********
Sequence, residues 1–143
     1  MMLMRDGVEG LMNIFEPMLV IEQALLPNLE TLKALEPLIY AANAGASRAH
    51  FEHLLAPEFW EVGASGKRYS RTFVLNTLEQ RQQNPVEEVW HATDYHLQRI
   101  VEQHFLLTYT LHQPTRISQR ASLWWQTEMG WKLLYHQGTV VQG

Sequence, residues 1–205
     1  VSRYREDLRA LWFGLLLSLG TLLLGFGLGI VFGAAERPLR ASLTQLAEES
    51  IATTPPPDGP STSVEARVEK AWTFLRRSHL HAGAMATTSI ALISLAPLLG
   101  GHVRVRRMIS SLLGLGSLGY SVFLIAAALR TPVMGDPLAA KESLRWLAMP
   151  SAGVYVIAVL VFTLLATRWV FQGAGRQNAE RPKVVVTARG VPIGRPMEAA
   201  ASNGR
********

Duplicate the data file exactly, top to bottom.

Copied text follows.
Sequence, residues 1–143
     1  MMLMRDGVEG LMNIFEPMLV IEQALLPNLE TLKALEPLIY AANAGASRAH
    51  FEHLLAPEFW EVGASGKRYS RTFVLNTLEQ RQQNPVEEVW HATDYHLQRI
   101  VEQHFLLTYT LHQPTRISQR ASLWWQTEMG WKLLYHQGTV VQG

Sequence, residues 1–205
     1  VSRYREDLRA LWFGLLLSLG TLLLGFGLGI VFGAAERPLR ASLTQLAEES
    51  IATTPPPDGP STSVEARVEK AWTFLRRSHL HAGAMATTSI ALISLAPLLG
   101  GHVRVRRMIS SLLGLGSLGY SVFLIAAALR TPVMGDPLAA KESLRWLAMP
   151  SAGVYVIAVL VFTLLATRWV FQGAGRQNAE RPKVVVTARG VPIGRPMEAA
   201  ASNGR